Research conducted in the recently opened archives reveals how internationalization developed at the college. The Methodist Women’s Missionary Society supported international exchanges through missionaries and the encouragement of students from mission sites to continue their education at Bennett. The college also played a pivotal role in equipping its students to share their educations with others. Similar to Moron and his relationship with the University of the Virgin Islands or the Sheppards and their cultural contributions to an American understanding of Central African art, partners at Bennett College have been instrumental in applying their academic training to world-changing initiatives. For example, the college played an important role in establishing Africa University in Zimbabwe, and the friendship between president Dr. Willa Player and Sue Bailey Thurman (wife of theologian Howard Thurman) promoted global awareness for students; she even donated a collection of international dolls to encourage international travel. Tantalizing references such as these are noteworthy and provide students with a treasure-trove of insights about the history of their institution, hopefully inspiring them to consider what their own contributions can be. Moreover, having the Steele Hall Gallery, which displays objets d’art from around the world, students can relate to global issues, seeing themselves in the artifacts produced by visitors to—and by students, faculty, and staff from—Bennett College.

Arguably, such exposure can provide the incentives needed to promote study abroad. Supported by a Mellon Foundation grant, some students have participated in the “Global Seminar on Citizenship” in Salzburg, Austria, and last summer a group of honors students, faculty, staff, senior administrators, and a board of trustees member traveled to South Africa. Team members connected with alumnae living in South Africa, and recruited potential Belles, while forging relationships with colleagues at the University of Western Cape and the University of Witwatersrand. The goal of this networking is to develop international service learning projects, so more students can be induced to learn and work in a global context. Documentation of these activities are archived in our library for future reference. Tools such as these—archival material and international exchange—build an institution’s international capital.

International capital is also built through area studies and academic centers. Employment of international staff and faculty and support for language instruction must be fostered. At Bennett, the Centers for Global Studies and Entrepreneurial Studies, along with the Africana Women’s Studies Program, provide examples of entities that encourage international awareness through the abovementioned programs, curricula, workshops, and attendance at symposia that emphasize global education.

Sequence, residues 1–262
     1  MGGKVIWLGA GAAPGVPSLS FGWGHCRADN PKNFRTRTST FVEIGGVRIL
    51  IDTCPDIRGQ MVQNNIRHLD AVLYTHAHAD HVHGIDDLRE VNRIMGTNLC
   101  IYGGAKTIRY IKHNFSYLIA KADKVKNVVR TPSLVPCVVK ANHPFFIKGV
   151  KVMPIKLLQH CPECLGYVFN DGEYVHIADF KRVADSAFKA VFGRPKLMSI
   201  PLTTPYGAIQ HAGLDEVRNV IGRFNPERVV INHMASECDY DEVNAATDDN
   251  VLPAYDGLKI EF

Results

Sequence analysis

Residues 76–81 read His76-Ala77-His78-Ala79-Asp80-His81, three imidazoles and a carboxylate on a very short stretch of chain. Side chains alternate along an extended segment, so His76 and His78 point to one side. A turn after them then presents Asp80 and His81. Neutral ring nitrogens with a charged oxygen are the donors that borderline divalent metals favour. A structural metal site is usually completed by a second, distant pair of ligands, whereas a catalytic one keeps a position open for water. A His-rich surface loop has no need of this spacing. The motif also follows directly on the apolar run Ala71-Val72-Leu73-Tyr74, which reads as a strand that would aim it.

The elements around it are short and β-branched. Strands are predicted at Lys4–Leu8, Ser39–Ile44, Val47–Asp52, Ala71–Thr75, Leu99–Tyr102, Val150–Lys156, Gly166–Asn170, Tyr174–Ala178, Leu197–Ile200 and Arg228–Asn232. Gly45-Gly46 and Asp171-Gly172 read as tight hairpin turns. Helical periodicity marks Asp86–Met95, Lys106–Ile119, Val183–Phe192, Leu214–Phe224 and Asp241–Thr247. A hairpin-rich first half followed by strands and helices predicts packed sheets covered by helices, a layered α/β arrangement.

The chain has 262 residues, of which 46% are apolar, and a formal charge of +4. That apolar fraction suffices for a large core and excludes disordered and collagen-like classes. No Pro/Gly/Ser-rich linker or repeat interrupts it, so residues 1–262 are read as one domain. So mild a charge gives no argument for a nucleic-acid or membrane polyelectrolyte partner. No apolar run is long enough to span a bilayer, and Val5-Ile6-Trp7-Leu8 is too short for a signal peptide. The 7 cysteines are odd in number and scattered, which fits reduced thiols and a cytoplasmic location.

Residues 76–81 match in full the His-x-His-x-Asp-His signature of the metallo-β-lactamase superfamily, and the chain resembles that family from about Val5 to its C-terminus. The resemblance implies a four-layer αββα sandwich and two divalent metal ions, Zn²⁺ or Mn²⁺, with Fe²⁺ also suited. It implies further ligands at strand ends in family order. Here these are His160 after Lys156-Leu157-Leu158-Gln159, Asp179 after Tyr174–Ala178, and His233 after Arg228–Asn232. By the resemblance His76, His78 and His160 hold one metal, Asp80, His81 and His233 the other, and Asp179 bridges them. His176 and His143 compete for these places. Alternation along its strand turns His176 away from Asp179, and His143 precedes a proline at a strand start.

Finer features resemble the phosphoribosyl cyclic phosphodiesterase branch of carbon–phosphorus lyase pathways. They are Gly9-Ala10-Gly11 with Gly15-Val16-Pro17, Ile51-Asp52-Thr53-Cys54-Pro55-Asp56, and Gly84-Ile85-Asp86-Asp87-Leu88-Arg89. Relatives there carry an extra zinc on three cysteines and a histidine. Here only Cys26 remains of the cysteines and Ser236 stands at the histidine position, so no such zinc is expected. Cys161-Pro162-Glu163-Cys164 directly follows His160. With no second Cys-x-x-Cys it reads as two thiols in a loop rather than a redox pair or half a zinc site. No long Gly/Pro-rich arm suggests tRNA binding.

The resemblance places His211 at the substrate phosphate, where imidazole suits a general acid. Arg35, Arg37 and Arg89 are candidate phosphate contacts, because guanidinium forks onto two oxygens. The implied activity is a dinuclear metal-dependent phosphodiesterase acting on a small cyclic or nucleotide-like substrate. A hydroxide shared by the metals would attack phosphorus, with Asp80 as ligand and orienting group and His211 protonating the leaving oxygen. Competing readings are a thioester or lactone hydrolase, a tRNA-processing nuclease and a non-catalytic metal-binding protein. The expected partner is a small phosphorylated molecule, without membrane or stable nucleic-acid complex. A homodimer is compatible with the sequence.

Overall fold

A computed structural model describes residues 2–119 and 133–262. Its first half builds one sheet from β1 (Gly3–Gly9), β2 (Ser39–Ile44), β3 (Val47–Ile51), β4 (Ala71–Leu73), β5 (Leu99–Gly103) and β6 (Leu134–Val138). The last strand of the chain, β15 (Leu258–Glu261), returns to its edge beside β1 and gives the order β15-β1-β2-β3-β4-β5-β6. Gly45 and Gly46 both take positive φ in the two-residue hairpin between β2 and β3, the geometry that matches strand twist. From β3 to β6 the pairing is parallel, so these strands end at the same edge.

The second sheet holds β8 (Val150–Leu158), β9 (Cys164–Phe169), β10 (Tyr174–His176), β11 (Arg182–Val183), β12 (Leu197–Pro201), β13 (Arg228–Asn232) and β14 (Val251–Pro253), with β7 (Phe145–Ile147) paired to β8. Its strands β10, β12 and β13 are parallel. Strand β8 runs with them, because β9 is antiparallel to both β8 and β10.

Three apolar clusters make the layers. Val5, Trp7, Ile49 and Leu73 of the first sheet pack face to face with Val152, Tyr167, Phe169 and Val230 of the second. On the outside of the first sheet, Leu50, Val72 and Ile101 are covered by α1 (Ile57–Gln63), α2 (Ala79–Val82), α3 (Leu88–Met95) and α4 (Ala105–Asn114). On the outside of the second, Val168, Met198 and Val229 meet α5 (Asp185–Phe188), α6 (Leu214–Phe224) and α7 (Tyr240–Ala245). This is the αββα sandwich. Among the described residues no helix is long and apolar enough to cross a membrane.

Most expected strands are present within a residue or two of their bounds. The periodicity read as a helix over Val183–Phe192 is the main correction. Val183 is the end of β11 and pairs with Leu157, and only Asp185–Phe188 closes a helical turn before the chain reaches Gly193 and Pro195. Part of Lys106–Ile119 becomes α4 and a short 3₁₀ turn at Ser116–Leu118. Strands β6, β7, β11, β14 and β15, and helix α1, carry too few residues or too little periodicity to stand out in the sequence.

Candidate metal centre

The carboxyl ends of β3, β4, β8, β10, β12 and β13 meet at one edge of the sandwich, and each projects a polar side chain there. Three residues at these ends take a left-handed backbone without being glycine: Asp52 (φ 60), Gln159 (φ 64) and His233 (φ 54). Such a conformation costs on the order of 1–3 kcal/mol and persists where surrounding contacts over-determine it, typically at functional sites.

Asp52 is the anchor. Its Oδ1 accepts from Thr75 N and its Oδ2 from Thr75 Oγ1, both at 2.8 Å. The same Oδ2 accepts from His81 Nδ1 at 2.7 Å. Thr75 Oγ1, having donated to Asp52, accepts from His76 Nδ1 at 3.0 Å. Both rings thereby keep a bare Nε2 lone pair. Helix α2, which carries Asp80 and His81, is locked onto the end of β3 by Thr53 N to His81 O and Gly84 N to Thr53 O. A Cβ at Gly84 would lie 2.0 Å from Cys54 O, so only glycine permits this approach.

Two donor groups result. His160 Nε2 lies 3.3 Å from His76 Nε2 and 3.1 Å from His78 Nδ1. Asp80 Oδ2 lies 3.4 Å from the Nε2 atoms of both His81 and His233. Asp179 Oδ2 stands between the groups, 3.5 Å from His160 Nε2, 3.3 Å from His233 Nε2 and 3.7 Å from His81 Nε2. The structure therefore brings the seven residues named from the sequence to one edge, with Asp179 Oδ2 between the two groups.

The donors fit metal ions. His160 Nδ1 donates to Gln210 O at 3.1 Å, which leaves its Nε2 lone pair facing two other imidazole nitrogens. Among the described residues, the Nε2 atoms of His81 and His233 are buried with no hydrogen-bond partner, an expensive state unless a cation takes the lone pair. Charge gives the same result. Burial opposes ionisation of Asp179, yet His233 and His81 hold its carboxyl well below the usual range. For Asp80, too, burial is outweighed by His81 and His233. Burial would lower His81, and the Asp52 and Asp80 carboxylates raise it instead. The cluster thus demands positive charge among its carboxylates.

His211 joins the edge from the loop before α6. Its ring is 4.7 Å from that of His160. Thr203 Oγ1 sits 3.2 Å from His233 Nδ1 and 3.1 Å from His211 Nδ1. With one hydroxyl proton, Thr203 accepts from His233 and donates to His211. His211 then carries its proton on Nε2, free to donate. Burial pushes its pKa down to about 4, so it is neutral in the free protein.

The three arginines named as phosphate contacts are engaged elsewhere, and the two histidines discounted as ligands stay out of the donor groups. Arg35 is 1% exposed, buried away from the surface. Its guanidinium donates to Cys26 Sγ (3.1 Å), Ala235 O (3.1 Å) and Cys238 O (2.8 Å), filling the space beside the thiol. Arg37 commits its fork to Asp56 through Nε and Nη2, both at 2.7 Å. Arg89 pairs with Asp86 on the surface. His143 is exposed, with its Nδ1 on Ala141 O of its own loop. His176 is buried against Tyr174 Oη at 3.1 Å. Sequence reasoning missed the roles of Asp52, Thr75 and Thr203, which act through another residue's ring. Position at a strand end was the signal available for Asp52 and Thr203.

The Role of the Library and Information Literacy in Fostering a Global Imperative for Higher Education

Important to this discussion is the impact the library and information literacy have on higher education and any global imperative. Information literacy is fundamental for learning in our contemporary environments, especially because of continuous technological change and the pursuit of lifelong learning. As posited by Crane et al. (2009, 219), “Global engagement, no longer limited by time or space, is enabled by worldwide information communication and technology networks that are instant, non-hierarchical and dynamic.” Libraries provide the synergistic nexus needed to develop these skills and variables.

Essentially, the library should provide the resources—including specialized staff—to select, organize, and provide intellectual access to works that must be readily available to members of its community. In particular, libraries must preserve the integrity and ensure the persistence of collections, and especially of digital resources, as they are the dominant data-source for material in the new millennium. To meet this end, the library of Xavier University provides students and faculty with services, instruction, and resources that position them to be global citizens.


Irrespective of location, users can access 197 databases that represent all disciplines: Project Muse, JSTOR, Academic Search Complete, Statistical Abstract of the USA, Statistical Abstract of the World, and Films on Demand all have streaming media that facilitate learning across disciplines. There are also subject-specific databases, such as ICPSR for the social sciences, Medline Complete for the sciences and health sciences, Mergent Online and Hoover’s Online for business, Philosopher’s Index, Eric for education, Dissertation and Theses, Artstor for the art students, ATLA Religion Database for the theology majors, and Mango Languages Database for language students and those planning to study abroad. These tools provide for international studies and avail faculty of information they can include in any curriculum geared towards global events—current and past. The library also subscribes to 164,281 ebooks and 17,486 pieces of other digital/electronic media, all of which enhances academic study that can and should be related to world issues. In addition, the library can play a seminal role in digitizing archives and special collections, which Xavier’s library is currently undertaking; in so doing, this historical information becomes readily accessible on- or off-site.


Libraries also offer a variety of services; particularly helpful are reference services. In addition to face-to-face and telephone conversations, librarians must take advantage of smart technology, such as texting and virtual chats. Such modes enable communication beyond the campus perimeters, which can be useful for students studying abroad and opens pedagogical possibilities for real-time exchange with international faculty, staff, and students. Imagine, a lesson plan that entails faculty and students accessing library resources during a classroom lecture, or a collaborative endeavor between stateside and international campuses in which students research a postulation and then engage in an inter-(or intra-)campus conversation.